49. 49. 1.6 Balance of Payments Curaçao’s Balance of Payments in 2010 Table 1.9 shows the Balance of Payments (BOP) developments for Cu- raçao from 2007 to 201013 . As per October 10, 2010, the Central Bank of Curaçao and St. Maarten compiled and published a separate BOP for Curaçao. The figures presented in table 1.9 are therefore related to Curaçao, contrary to the figures presented in the previous editions of the Curaçao Economic Outlook. Nevertheless, if necessary, develop- ments particular to other Caribbean part of the Dutch Kingdom will be mentioned. Table 1.9 Curaçao’s Balance of Payments Millions NAF 2007 2008 2009 2010** Current Account -975.3 -1,336.4 -859.3 -1,633.4 Trade Balance -2,030.9 -2,178.3 -1,901.6 -2,181.9 Service Balance 900.7 768.3 703.2 446.2 Income Balance 88.7 -12.5 -86.5 -19.1 Current Transfers 66.2 86.1 425.6 121.4 Capital Transfers 32.2 44.3 40.7 51.4 External financing 728.2 1,242.6 410.5 1,030.1 of the private sector Direct investments 202.3 264.6 89.3 133.1 Loans and credits 697.9 1,013.1 435.4 1,513.7 Portfolio investments* -172 -35.1 -114.2 -616.7 Change in reserves* 5.8 -45.9 324.3 382.4 ** Preliminary figures * Negative numbers indicate an increase Data are derived from the statistics of the Central Bank of Curaçao and St. Maarten Compared to the last three years, Curaçao’s balance of payments’ cur- rent-account deteriorated significantly during 2010, reaching a deficit of NAF 1,633.4 million (30% of GDP). Curaçao has, as do other islands in the Caribbean area, a small scale and open economy which is to a 49 Chapter1:MacroeconomicDevelopments 13 Preliminary figures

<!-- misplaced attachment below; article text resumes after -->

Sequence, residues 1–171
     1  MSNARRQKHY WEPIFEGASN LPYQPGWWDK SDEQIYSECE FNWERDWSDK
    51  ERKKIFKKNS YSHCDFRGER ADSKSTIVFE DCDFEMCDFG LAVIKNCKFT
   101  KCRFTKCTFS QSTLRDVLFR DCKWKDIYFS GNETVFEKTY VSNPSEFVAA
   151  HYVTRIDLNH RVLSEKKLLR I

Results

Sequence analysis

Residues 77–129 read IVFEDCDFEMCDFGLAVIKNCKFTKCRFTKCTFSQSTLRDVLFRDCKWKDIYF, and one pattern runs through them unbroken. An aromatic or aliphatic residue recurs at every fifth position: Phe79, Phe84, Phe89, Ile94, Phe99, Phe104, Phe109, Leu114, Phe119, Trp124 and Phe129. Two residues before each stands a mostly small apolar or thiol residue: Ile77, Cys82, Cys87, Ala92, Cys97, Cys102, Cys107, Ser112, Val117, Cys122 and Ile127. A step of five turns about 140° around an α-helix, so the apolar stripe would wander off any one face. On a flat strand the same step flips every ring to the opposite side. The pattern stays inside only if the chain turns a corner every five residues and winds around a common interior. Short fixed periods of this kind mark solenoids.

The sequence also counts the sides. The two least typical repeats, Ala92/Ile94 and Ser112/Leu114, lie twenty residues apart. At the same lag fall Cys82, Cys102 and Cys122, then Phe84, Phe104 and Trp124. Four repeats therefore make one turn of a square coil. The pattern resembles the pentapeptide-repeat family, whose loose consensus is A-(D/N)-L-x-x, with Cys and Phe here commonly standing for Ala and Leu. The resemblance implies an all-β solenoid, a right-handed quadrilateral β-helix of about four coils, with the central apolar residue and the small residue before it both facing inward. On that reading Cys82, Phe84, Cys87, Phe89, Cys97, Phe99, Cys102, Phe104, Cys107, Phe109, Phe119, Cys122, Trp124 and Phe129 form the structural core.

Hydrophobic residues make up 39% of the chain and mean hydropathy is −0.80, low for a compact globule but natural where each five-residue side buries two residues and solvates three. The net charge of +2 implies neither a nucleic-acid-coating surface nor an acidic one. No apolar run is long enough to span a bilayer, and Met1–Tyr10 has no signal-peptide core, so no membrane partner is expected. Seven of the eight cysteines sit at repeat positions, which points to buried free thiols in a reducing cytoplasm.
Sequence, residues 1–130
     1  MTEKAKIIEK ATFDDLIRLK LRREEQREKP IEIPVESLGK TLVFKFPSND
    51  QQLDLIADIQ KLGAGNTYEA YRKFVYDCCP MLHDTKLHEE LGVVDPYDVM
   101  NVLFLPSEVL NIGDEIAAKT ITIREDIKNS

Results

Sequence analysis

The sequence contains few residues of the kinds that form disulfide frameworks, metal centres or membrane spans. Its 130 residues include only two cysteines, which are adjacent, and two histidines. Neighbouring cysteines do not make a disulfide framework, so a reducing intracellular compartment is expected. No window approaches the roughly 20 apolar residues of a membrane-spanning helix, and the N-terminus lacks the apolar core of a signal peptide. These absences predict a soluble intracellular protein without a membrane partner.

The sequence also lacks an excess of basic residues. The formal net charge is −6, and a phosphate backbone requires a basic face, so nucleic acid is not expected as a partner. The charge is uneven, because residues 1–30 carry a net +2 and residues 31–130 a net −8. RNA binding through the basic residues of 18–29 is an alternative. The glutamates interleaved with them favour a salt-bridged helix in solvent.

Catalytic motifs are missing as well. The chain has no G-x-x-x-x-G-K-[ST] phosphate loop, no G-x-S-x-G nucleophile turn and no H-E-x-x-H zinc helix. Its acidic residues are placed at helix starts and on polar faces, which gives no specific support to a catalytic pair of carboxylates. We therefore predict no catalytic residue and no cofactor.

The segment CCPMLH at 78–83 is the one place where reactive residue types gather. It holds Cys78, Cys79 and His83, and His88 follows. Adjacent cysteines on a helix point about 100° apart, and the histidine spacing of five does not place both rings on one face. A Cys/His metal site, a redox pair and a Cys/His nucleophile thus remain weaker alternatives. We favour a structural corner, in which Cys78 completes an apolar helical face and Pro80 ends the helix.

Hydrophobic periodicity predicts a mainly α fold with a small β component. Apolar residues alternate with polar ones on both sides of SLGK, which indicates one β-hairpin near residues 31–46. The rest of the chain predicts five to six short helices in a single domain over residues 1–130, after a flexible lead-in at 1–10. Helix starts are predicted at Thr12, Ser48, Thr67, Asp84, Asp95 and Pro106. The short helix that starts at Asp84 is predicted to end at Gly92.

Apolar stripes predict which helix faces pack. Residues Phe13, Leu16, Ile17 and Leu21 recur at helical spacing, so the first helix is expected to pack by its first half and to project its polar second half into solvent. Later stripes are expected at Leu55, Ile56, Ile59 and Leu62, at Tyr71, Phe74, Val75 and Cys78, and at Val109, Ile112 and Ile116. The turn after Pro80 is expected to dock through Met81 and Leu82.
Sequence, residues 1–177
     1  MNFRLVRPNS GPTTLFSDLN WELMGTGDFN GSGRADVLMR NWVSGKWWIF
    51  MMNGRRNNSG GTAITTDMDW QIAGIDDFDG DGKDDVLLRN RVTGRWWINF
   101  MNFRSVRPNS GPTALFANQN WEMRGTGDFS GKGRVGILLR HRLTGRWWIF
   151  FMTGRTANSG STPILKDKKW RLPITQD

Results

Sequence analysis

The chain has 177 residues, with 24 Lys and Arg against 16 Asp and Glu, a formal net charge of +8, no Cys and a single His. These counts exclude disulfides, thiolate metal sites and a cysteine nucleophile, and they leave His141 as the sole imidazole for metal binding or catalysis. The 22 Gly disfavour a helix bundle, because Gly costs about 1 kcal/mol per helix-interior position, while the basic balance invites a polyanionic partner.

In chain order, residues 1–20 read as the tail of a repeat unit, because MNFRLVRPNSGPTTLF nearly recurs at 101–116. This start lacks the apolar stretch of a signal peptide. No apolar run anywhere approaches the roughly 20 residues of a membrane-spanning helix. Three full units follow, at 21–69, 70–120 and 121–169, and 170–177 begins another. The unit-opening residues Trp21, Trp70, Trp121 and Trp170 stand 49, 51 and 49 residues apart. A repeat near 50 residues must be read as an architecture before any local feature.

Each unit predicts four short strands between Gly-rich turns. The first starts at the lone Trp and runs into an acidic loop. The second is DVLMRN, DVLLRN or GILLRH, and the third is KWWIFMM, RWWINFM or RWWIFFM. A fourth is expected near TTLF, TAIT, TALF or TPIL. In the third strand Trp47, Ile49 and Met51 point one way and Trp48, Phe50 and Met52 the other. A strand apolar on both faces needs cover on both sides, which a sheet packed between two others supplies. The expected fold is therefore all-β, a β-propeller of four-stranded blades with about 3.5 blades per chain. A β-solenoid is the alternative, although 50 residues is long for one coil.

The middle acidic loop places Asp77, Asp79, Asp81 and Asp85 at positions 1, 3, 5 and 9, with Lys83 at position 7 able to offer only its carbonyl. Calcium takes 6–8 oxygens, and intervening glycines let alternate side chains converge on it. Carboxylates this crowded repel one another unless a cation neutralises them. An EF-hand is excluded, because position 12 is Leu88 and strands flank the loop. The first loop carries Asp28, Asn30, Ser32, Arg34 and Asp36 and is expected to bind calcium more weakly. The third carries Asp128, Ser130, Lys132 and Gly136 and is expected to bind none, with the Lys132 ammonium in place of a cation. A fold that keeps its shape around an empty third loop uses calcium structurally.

50. 50. large extent dependent on imported goods, which is generally reflected in a deficit in the current account balance. The current account’s deterioration was due mainly to the worsening of the trade balance, service balance and lower current transfers re- ceived from abroad. According to the developments on the current ac- count, the capital and financial account worsened in 2010. Current account Developments in the trade and service balance will usually determine developments in the current account. These are basically the main com- ponents and have a significant effect on the current account. In con- trast with the traditional surplus on the service balance, the trade balance of Curaçao has been deteriorating continuously due to increas- ing imports over exports. Compared to 2007, the trade balance deficit expanded reaching 40 percent of the GDP in 2010. Both the import and export of merchandise grew slightly in 2010 com- pared to 2009. The higher import is related to higher commodities im- port bills, surging demand for imported goods driven by tourism spending, increased domestic spending and imports from e-zone com- panies to stock up inventory. In 2010, the import of goods was valued at NAF 3,404.6 million, up 10 percent from NAF 3,109.8 million in 2009. The higher export of goods can be ascribed to, among other things, higher income received from bunkering activities at the airport. Compared to 2009, the service balance earnings received from the ex- port of services shrank by 10 percent in 2010, mainly as a conse- quence of the 56-percent decline in the refining fee. The lower refining fee was a result of the shutdown of the Isla refinery due to power fail- ures at the Build Own and Operate (BOO) power plant from March 2010 up to December. Contrary to the decline in the refining fee, revenues from the tourism sector rose slightly (7%) in 2010 compared to 2009. While overall stay-over arrivals declined by 6.8 percent, stay-over nights grew by 5 percent reflecting the higher average spending in 2010 com- pared to 2009. 50 Chapter1:MacroeconomicDevelopments